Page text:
For other inspiring stories about democratizing research and technology, check out my new book, Democracy and Technology. For instance, Chapter 10, "Everyone Contributes," discusses examples of laypeople participating directly in technological research & development. The book is available in paperback from Guilford Press: e-mail (info@guilford.com) or, in the U.S., call toll free 1-800-365-7006.

    And to receive monthly "Loka Alerts" concerned with democratizing science and technology, send an email request to: Loka@amherst.edu

    Steve, this has been fun. Thanks!


    * * * * * * * * * * * * * * * * * * * * * * * *

    To make a tax-deductible contribution to the Loka Institute's Technology and Democracy Project, write a check drawn in U.S. dollars to "Proteus/Loka" and mail it to: The Loka Institute, PO Box 355, Amherst MA 01004 USA. You can also contact the Institute at loka@amherst.edu to find out more.

    I should add that neither I nor NETFUTURE is affiliated in any way with the Loka Institute. I hope to bring you interviews with other interesting thinkers in the future.


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    *** Dealing reasonably with cyberhate
    Response to "Cyberhate in Canada" (NF-10)

    From Rob Slade (roberts@mukluk.hq.decus.ca)

    > B'Nai Brith says anti-Semitic harassment in Canada is on the rise
    > because of an "exponential growth of cyberhate."

    I've noticed quite a surge in the past year. In particular, I have seen postings in soc.culture.canada, but I have also seen postings in quite unrelated groups. (There was one instance in alt.comp.virus, a very interesting choice, that seemed to be strongly related to the hate/white supremist groups, and stated that Texas had finally got up the guts to secede from the Union.)

    I certainly find it disturbing, and distasteful, but I'm of two minds as to whether it is important. Certainly it tends to reinforce a long time observation: as the net expands, the idiots are flocking in. On the other hand, are they doing anything more than talking to themselves? I wouldn't like to see the stuff go unchallenged, but it tends to be pretty clear to any reader that the hatemongers are singularly lacking in both education and intelligence.

    I would, very strongly, suggest that, rather than going to the media with complaints which may get distorted in various ways, the concerned groups dedicate some resources to challenging this slime online. A few FAQs, built on facts, and some careful, thoughtful and above all, restrained responses will have an enormous effect. alt.comp.virus is a case in point. When started, it was a definite vx (virus exchange) hangout, with virus source being posted freely and most participants loudly extolling the right to write, and spread, viruses. Less than a year of postings by antiviral researchers have largely changed that. Virus source is hardly ever posted (even though the group is unmoderated), and, while the calls for virus trades do go on, the majority of traffic is questions to, and answers from, the people who obviously do have something to contribute.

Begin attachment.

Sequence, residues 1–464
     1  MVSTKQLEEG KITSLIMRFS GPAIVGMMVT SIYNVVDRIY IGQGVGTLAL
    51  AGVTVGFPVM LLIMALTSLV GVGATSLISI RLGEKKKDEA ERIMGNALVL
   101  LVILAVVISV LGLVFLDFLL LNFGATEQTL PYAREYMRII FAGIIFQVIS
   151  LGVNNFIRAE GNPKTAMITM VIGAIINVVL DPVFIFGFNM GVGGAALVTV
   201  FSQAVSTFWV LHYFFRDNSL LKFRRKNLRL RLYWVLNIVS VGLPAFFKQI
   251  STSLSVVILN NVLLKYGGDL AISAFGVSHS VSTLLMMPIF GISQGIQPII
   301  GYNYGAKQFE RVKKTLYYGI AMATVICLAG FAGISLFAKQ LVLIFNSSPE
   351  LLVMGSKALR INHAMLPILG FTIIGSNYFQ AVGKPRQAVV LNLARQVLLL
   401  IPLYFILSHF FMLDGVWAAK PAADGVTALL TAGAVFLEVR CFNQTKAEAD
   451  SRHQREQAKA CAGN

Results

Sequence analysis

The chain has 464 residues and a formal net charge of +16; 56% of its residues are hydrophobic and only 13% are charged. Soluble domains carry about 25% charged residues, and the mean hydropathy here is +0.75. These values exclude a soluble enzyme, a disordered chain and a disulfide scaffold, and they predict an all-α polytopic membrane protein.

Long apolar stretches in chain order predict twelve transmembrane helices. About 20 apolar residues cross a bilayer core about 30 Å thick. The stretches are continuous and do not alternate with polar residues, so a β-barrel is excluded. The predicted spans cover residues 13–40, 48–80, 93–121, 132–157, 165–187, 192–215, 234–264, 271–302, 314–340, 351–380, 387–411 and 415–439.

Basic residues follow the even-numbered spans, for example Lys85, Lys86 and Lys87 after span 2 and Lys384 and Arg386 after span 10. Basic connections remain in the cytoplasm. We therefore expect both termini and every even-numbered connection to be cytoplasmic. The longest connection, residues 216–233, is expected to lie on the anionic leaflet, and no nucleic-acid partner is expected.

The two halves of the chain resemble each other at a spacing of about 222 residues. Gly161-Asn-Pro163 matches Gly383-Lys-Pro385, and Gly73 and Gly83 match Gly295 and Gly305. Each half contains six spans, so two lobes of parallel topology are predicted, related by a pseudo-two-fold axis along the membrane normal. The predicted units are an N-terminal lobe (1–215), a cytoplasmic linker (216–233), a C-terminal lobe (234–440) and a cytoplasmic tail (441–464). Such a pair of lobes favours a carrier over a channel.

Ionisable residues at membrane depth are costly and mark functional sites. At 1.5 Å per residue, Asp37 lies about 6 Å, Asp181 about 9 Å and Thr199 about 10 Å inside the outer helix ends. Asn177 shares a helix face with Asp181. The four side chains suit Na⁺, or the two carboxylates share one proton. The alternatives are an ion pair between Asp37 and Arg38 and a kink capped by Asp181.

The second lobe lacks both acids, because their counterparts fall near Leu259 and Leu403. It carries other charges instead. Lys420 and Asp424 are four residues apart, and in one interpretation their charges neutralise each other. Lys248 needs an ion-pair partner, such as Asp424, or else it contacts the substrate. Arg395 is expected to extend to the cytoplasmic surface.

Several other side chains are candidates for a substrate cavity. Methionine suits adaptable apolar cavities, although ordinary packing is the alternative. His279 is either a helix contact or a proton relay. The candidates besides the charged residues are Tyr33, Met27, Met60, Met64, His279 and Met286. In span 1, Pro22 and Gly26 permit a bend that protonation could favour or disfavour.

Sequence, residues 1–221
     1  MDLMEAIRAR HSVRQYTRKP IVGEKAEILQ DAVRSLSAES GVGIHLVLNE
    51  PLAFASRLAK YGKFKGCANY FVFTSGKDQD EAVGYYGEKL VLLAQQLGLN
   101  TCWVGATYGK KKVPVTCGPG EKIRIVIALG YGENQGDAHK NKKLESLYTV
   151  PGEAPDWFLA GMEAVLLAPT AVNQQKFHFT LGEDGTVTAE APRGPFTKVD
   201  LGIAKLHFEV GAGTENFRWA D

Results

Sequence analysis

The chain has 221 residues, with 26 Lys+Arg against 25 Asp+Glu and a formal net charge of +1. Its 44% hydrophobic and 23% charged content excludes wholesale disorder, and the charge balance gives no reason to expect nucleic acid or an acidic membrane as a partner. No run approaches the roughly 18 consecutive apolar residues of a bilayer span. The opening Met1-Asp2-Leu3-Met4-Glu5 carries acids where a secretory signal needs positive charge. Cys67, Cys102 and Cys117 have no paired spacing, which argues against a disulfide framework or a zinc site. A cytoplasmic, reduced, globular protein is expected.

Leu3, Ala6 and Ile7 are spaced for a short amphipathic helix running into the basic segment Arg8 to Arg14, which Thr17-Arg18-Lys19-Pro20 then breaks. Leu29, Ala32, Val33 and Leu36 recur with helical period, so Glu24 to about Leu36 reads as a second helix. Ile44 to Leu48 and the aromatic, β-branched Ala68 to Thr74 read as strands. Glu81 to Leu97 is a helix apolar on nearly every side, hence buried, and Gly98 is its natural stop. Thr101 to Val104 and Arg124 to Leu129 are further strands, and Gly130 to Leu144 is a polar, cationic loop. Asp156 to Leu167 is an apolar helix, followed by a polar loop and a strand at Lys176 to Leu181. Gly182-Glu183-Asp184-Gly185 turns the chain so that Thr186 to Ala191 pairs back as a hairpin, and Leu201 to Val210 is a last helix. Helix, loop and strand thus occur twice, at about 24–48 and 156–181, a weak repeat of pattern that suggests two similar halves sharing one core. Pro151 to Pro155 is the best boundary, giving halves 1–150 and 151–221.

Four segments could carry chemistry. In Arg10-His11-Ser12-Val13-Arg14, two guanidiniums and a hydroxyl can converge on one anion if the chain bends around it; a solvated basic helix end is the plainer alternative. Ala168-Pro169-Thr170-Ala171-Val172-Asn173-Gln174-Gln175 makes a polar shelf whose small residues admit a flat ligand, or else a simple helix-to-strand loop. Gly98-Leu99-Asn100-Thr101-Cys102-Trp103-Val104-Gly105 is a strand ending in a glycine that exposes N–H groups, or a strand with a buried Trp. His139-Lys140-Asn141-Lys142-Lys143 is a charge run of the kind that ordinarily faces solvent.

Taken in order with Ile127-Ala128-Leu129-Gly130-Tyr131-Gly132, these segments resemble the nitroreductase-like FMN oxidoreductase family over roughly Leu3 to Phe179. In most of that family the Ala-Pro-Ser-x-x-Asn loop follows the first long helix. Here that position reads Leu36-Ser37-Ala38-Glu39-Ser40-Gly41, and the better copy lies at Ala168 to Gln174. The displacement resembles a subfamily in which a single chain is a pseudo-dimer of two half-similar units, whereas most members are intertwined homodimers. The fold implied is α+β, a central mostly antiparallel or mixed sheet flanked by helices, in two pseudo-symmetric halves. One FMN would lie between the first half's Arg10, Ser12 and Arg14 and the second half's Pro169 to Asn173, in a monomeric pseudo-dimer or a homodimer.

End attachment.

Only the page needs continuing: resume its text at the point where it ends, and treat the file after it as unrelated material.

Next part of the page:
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    *** Advertising and the pressure to upgrade
    Response to "We relate to technology as to an archetype" (NF-14)

    From Mike Fischbein (mfischbe@fir.fbc.com)

    Is it possible that the "pressure to upgrade, upgrade, upgrade" is the same as the pressure that moves us from short hair and narrow ties to long hair and wide ties, or short dresses to long? Could it possibly be that the vendors of dresses, or ties, or haircuts, or computers (or computer manuals, for that matter), are trying to increase demand for their various products? Of course, the best way of convincing someone is to get them to think it's their own idea, so it probably would be hard to find explicit advertising for clothing or computers. I'll see if I can find any as soon as I get through this Bloomingdale's insert. Wait, there's a CompUSA tabloid here as well...

    No, the fact that Microsoft spent about five times as much advertising their latest OS as they did on actually developing it probably has absolutely nothing to do with the "pressure to upgrade, upgrade, upgrade." Nope, it obviously is inherent in computer technology. I wonder where my bell-bottoms went?

    Mike Fischbein mfischbe@fir.fbc.com CS First Boston

    * * * * * * * * * * * * * * * * * * * * * * * *

    Mike --

    A few decades ago a furor over "planned obsolescence" (particularly in automobiles) helped to kick off the consumer activist movement. Our discussion about employees resisting automatic software upgrades makes me wonder whether the forces of planned obsolescence haven't largely re-gathered themselves and snuck up on us from behind (encouraged, no doubt, by our own cooperation). What is the high-tech industry if not a massive, concerted experiment in accelerating planned obsolescence to the extreme?


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    *** About this newsletter

    Copyright 1996 by The Nature Institute. You may redistribute this newsletter for noncommercial purposes. You may also redistribute individual articles in their entirety, provided the NetFuture url and this paragraph are attached.

    NetFuture is supported by freely given reader contributions, and could not survive without them. For details and special offers, see http://netfuture.org/support.html .

    Current and past issues of NetFuture are available on the Web:


    To subscribe or unsubscribe to NetFuture:

    Steve Talbott :: NetFuture #15 :: April 11, 1996